to Twin Lights and be relayed by telephone to the New York Herald.

First, however, he was told to report on the return of Admiral Dewey’s

victorious fleet to New York from the Spanish American War. And so

on September 30, 1899, the telegraphy messages reporting on the fleet

were the first demonstrations of practical wireless telegraphy.

WINLAB is also celebrating its own 10th anniversary, says interim

director Roy Yates. As a National Science Foundation


Cooperative Research Center, it is a resource for the creation and

evaluation of technology and for disseminating information.

Among the speakers will be Fumiyuki Adachi of Nippon Telephone

and Telegraph NTT-DoCoMo, head of the leading research group outside

the United States in the development of third-generation cellular

phones. Also Donald Cox of Stanford, a wireless cellular


who holds the Alexander Graham Bell Medal and the Guglielmo Marconi

Prize; Richard Frenkiel, known as the father of the cellular

phone system; Larry Greenstein, of the Newman Springs ATT&T

Labs Research, who works with measuring and modeling cellular radio

communication channels; Robert Lucky of Telecordia Technologies

and author of a column in the IEEE Spectrum magazine; and Andrew

Viterbi, a founder of Quallcomm Inc., with innovative digital


communications products based on Code Division Multiple Access


Following these speeches there will be a reenactment and reception

at Twin Lights.

Top Of Page
E-Commerce Marketing

Would you purchase a bag of potato chips over the Web?

That’s about as incongruous as buying Rogaine from a vending machine.

It’s no surprise, then, that marketing gurus like Daryl


president of the Planter Specialty Company at Nabisco, are cautious

about espousing the Internet as a major marketing vehicle. "For

some of businesses it’s very appropriate to use the Internet,"

he says. "Powerful ideas in the right medium work well. They still

work well on radio, and everybody thought that would go away. When

we give a recipe, we’ll use a magazine because it’s hard to clip them

out of TV."

Radio, television, Internet, direct mail — all of these mediums

are equally important for reaching customers, says Brewster, one of

the panelists at the American Marketing Association’s meeting


Where the Fish Are: Opportunities and Trends Within Direct to Consumer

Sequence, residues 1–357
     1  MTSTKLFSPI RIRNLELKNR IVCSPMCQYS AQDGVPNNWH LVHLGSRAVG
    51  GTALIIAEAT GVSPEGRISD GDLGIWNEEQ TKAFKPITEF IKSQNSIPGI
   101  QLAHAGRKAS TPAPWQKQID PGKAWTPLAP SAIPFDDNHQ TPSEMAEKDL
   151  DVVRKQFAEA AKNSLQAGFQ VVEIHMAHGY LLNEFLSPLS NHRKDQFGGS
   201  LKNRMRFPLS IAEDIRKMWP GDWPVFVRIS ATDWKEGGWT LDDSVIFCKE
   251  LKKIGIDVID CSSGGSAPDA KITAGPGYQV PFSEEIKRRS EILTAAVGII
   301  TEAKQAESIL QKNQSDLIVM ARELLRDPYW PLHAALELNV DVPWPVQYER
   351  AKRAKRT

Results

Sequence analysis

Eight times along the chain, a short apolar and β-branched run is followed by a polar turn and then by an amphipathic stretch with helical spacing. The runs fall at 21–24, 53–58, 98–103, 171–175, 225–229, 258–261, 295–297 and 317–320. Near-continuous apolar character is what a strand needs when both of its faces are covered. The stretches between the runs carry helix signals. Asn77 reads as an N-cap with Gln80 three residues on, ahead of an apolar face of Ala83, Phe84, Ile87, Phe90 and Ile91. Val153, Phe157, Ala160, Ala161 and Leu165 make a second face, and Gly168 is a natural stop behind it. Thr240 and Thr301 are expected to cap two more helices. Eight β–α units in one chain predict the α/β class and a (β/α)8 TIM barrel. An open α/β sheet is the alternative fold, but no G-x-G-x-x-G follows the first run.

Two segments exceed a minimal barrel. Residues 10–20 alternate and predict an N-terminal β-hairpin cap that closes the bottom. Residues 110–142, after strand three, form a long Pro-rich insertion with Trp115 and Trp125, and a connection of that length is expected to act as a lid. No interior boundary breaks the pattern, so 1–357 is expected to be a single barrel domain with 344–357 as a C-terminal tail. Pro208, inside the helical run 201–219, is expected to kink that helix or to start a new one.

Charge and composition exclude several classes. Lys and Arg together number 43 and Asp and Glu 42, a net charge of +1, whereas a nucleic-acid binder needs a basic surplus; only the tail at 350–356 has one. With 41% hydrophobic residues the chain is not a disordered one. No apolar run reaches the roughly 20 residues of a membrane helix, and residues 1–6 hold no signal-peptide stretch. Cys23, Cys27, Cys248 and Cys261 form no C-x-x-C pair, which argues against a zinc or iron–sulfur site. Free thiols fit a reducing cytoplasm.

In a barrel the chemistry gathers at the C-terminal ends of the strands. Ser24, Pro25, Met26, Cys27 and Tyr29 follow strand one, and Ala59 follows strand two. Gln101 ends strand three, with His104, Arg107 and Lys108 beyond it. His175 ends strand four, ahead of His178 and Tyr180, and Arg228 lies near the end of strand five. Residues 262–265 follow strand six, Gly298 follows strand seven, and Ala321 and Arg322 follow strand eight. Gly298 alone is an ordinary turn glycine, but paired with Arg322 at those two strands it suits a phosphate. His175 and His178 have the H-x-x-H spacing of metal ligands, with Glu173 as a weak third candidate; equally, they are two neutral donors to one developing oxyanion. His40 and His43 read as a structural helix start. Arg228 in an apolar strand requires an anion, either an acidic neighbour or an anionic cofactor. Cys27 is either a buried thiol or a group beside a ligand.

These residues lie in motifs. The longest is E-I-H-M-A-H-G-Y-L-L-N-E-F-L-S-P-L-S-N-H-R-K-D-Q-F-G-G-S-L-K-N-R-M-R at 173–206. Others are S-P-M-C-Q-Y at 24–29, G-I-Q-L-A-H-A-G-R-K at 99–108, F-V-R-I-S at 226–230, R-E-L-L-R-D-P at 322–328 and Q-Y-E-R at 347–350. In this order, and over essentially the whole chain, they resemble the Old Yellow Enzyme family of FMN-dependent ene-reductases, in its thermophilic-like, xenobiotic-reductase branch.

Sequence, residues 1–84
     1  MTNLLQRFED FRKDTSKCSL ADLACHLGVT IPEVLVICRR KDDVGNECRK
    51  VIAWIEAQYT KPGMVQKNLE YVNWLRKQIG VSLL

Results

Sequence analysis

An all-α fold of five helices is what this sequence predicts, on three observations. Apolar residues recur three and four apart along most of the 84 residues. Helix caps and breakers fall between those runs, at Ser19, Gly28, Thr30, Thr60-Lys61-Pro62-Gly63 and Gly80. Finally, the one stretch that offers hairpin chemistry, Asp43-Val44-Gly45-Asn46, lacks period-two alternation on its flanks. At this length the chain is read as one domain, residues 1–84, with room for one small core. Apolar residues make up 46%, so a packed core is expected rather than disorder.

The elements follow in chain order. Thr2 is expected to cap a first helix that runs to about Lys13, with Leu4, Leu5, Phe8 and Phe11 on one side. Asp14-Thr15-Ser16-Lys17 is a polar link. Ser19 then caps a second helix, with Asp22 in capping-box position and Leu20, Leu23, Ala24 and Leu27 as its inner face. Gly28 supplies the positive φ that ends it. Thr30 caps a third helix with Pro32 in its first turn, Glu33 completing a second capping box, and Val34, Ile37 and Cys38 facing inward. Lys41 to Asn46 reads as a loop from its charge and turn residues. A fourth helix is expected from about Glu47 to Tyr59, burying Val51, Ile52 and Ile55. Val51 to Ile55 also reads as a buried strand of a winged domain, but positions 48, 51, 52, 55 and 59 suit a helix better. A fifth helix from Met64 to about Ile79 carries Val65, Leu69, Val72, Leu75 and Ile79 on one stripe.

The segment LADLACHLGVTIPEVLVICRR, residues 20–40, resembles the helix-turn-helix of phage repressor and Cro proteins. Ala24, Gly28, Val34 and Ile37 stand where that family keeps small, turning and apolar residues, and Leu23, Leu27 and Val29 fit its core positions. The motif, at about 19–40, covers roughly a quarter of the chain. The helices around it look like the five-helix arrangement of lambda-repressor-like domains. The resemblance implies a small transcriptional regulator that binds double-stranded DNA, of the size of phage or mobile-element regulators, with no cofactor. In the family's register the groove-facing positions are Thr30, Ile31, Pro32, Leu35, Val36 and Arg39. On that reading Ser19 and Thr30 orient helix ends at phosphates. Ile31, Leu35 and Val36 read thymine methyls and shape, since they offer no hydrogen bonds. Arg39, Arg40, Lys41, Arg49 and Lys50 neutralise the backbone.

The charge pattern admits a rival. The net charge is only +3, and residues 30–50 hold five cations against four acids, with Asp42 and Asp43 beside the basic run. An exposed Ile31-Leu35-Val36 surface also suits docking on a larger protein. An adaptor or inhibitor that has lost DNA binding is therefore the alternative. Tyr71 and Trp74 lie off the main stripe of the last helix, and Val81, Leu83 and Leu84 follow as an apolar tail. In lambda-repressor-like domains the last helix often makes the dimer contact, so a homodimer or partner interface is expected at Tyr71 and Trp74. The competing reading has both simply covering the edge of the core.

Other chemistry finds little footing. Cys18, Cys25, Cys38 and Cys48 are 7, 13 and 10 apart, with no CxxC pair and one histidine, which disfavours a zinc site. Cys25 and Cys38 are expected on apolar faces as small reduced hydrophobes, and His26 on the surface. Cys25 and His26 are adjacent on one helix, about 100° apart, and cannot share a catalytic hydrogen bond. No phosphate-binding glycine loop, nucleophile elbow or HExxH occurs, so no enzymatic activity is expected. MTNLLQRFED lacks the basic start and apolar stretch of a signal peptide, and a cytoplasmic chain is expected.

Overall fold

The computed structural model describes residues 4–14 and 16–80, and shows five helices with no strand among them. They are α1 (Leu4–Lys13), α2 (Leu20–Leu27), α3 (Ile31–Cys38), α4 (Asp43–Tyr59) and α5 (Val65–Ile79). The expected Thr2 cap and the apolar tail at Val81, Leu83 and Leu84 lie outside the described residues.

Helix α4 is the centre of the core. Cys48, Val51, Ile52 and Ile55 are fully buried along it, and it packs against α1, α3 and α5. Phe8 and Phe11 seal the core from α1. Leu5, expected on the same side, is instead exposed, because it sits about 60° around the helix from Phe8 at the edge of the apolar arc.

Marketing," on Monday, September 27, at 6 p.m. at the Somerset

Hills Hotel in Warren. Joining him on the panel is Phil Benson

of the Roche Group Inc., who discusses marketing from the standpoint

of pharmaceutical companies. Call 908-497-2339. Cost: $40.

Prior to joining Nabisco, Brewster held various roles at the Campbell

Soup company. He holds a BA in economics from the University of


Class of 1979, and an MBA from University of North Carolina, Chapel


Where to spend that marketing dollar, says Brewster, is the challenge

that companies face today. "Some people say put a $1 into 20


things," he says "but sometimes it’s better to pick one and

put $20 into that." Sinking the mother lode into Internet


would be foolhardy, he says. "I think there’s a lot of different

things to think through — there’s clearly been a fragmentation

of media alternatives, and that fragmentation has allowed you to be

much more targeted. There’s an awful lot of work going on in the


We’ve established our own E-business group, and I think this is the

new frontier."

Television is still the frontier medium for many pharmaceutical


says Phil Benson, manager of market intelligence for Roche Group Inc.

"Before it was prominently print, but now, with FDA deregulation,

you’re seeing more in broadcast," he says. For years,


companies tried to get the medical community to buy into drugs, but

with new FDA regulations, they can now get the general public to put

pressure on doctors to prescribe. In most cases, it will be for the

new generation of lifestyle drugs — drugs that deal with weight

loss, allergies, acne, depression, or impotence, for example.

Consumers holds this kind of product information dear to their hearts,

says Benson. "Managed care is forcing physicians to spend less

and less time with their patients, so you’re going to see consumers

play more of an active role in their health decisions," he says.

"They say that the average person takes more time picking out

a pair of shoes than they do their doctor." When a new drug to

treat arthritis or osteoporosis comes to the market, however,


will notice. "You have an aging population that needs products

geared towards an aging population. It’s a great opportunity for a

pharmaceutical company."

Benson received a B.S. from Ferris State University, Class of 1988,

and spent several years at Upjohn & Pharmacia, where he worked on

the company’s Rogaine product, among the first lifestyle drugs to

be advertised on TV. The freedom to advertise on television, however,